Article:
Notes (these notes form part of the oversubscription criteria)
- A Statement of Special Educational Needs is a statement made by the local authority under section 324 of the Education Act 1996, specifying the special educational provision for a child. An Education, Health and Care Plan is a plan made by the local authority under section 37 of the Children and Families Act 2014, specifying the special educational provision required for a child.
- A ‘looked after child’ has the same meaning as in section 22(1) of the Children Act 1989, and means any child who is (a) in the care of a local authority or (b) being provided with accommodation by them in the exercise of their social services functions (e.g. children with foster parents) at the time of making application to the school.
A ‘previously looked after child’ is a child who was looked after, but ceased to be so because he or she was adopted, or became subject to a child arrangements order or special guardianship order. Included in this definition are those children who appear (to the governing body) to have been in state care outside of England and who ceased to be in state care as a result of being adopted.
- ‘Catholic’ means a member of a Church in full communion with the See of Rome. This includes the Eastern Catholic Churches. This will normally be evidenced by a certificate of baptism in a Catholic Church or a certificate of reception into the full communion of the Catholic Church. For the purposes of this policy, it includes a looked after child living with a family where at least one of the parents is Catholic.
For a child to be treated as Catholic, evidence of Catholic baptism or reception into the Church will be required. Those who have difficulty obtaining written evidence of baptism should contact their Parish Priest who, after consulting with the Diocese, will decide how the question of baptism is to be resolved and how written evidence is to be produced in accordance with the law of the Church.
- ‘catechumen’ means a member of the catechumenate of a Catholic Church. This will normally be evidenced by a certificate of reception into the order of catechumens.
- ‘Eastern Christian Church’ includes Orthodox Churches, and is normally evidenced by a certificate of baptism or reception from the authorities of that Church.
- “children of other Christian denominations” means children who belong to other churches and ecclesial communities which, acknowledge God’s revelation in Christ, confess the Lord Jesus Christ as God and Saviour according to the Scriptures, and, in obedience to God’s will and in the power of the Holy Spirit commit themselves: to seek a deepening of their communion with Christ and with one another in the Church, which is his body; and to fulfil their mission to proclaim the Gospel by common witness and service in the world to the glory of the one God, Father, Son and Holy Spirit. An ecclesial community which on principle has no credal statements in its tradition is included if it manifests faith in Christ as witnessed to in the Scriptures and is committed to working in the spirit of the above.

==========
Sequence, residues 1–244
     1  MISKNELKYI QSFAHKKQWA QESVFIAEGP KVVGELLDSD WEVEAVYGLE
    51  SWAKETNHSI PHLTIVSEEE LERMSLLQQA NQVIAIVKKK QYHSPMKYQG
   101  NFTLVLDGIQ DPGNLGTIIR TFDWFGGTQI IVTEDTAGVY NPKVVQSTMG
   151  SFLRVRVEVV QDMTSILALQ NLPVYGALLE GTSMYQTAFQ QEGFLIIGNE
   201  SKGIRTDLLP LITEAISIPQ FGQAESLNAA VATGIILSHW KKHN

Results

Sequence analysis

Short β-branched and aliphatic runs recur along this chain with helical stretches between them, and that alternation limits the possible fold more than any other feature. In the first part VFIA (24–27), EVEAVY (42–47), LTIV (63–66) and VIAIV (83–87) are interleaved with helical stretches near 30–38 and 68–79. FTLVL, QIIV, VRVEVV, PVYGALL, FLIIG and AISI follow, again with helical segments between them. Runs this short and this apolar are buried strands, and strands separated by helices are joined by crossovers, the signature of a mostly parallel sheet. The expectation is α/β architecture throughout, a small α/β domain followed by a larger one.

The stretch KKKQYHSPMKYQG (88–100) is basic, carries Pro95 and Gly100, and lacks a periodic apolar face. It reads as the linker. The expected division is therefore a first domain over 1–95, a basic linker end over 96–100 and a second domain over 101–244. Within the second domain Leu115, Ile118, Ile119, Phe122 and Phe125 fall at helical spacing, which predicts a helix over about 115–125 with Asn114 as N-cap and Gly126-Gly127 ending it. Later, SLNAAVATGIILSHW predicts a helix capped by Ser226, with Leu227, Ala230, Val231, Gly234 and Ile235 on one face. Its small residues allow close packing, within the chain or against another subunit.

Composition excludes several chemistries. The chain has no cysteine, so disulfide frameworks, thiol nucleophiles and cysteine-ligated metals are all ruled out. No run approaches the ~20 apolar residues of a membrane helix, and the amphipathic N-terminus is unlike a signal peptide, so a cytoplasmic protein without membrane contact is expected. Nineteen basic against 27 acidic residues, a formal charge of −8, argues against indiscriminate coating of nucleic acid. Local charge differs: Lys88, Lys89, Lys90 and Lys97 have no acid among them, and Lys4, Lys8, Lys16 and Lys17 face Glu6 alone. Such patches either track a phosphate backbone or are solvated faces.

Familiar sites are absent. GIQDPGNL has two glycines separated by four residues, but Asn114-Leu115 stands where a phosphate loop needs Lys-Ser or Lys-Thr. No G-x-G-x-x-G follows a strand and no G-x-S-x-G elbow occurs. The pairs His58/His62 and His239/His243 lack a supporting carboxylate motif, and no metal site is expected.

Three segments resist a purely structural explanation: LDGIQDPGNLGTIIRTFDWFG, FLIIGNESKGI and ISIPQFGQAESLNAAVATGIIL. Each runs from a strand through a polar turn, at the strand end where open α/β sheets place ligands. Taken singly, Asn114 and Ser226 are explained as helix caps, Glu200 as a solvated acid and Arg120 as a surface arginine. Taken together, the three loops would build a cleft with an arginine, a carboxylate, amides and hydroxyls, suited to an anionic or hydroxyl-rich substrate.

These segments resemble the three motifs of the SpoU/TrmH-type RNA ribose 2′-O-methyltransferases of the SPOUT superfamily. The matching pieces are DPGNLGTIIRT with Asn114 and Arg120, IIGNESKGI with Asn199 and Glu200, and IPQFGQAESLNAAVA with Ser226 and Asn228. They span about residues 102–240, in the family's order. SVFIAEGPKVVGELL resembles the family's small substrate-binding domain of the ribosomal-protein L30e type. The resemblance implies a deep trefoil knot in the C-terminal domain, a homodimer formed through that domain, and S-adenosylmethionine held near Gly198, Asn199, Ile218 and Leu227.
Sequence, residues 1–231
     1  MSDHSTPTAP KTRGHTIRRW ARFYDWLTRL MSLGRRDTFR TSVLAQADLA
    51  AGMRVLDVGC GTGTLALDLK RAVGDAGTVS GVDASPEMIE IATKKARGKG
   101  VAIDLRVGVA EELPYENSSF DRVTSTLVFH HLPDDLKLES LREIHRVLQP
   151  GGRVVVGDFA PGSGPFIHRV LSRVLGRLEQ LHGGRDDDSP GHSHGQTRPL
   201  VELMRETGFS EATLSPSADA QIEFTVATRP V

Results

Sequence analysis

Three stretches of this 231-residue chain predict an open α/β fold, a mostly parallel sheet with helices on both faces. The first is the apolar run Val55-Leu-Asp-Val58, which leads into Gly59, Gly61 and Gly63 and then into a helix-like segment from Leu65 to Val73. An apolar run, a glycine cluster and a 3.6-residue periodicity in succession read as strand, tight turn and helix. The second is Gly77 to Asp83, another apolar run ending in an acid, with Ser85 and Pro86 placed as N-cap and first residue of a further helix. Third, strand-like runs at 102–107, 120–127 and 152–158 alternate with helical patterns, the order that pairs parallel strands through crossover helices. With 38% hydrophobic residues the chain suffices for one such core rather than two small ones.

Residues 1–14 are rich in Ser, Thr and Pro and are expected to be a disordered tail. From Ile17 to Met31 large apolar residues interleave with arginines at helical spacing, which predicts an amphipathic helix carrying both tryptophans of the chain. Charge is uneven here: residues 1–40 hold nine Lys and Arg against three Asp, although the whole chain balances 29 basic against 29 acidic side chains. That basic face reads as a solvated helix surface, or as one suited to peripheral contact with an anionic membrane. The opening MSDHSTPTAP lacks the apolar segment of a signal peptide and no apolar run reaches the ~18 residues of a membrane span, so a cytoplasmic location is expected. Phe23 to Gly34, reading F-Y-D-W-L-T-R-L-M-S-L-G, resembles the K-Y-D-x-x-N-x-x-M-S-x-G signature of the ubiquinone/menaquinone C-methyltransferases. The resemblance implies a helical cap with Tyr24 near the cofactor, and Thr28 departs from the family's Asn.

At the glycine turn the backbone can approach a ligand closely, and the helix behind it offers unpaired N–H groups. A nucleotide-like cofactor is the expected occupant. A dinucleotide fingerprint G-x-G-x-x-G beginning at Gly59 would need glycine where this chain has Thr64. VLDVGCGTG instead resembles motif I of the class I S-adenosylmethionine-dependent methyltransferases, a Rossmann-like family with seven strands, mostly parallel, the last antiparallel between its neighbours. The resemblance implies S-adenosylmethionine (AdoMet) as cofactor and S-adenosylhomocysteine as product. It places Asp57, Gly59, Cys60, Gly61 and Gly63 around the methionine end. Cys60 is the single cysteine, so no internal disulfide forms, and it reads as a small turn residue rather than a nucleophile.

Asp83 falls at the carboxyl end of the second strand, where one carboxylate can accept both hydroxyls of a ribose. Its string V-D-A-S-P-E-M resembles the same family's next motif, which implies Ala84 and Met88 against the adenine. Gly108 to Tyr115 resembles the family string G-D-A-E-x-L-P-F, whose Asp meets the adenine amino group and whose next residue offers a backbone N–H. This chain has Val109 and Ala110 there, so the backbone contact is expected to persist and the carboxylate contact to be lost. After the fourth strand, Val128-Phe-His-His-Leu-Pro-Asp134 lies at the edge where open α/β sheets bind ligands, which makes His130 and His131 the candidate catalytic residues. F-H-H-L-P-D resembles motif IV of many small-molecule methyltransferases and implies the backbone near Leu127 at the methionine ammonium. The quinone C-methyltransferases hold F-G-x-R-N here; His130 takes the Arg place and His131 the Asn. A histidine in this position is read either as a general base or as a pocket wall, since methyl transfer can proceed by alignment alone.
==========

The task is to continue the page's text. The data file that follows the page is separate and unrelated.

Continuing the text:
All members of Churches Together in England and CYTÛN are deemed to be included in the above definition, as are all other churches and ecclesial communities that are in membership of any local Churches Together Group (by whatever title) on the above basis.
- “children of other faiths” means children who are members of a religious community that does not fall within the definition of ‘other Christian denominations’ at 6 above and which falls within the definition of a religion for the purposes of charity law. The Charities Act 2011 defines religion to include:
- A religion which involves belief in more than one God, and
- A religion which does not involve belief in a God.
Case law has identified certain characteristics which describe the meaning of religion for the purposes of charity law, which are characterised by a belief in a supreme being and an expression of belief in that supreme being through worship.
- ‘brother or sister’ includes:
- all natural brothers or sisters, half brothers or sisters, adopted brothers or sisters, stepbrothers or sisters, foster brothers or sisters, whether or not they are living at the same address; and
- the child of a parent’s partner where that child lives for at least part of the week in the same family unit at the same home address as the child who is the subject of the application.
- A ‘parent’ means all natural parents, any person who is not a parent but has parental responsibility for a child, and any person who has care of a child.
- To demonstrate an exceptional social, medical or pastoral need of the child which can be most appropriately met at this school, the governing body will require compelling written evidence from an appropriate professional, such as a social worker, doctor or priest.
- For the purposes of this policy, parish boundaries are as shown on the attached map (Appendix B) and will be applied to the admission arrangements for 2024-2025
- A child’s “home address” refers to the address where the child usually lives with a parent or carer, and will be the address provided in the Common Application Form (“CAF”). Where parents have shared responsibility for a child, and the child lives for part of the week with each parent, the home address will be the address given in the CAF, provided that the child resides at that address for any part of the school week.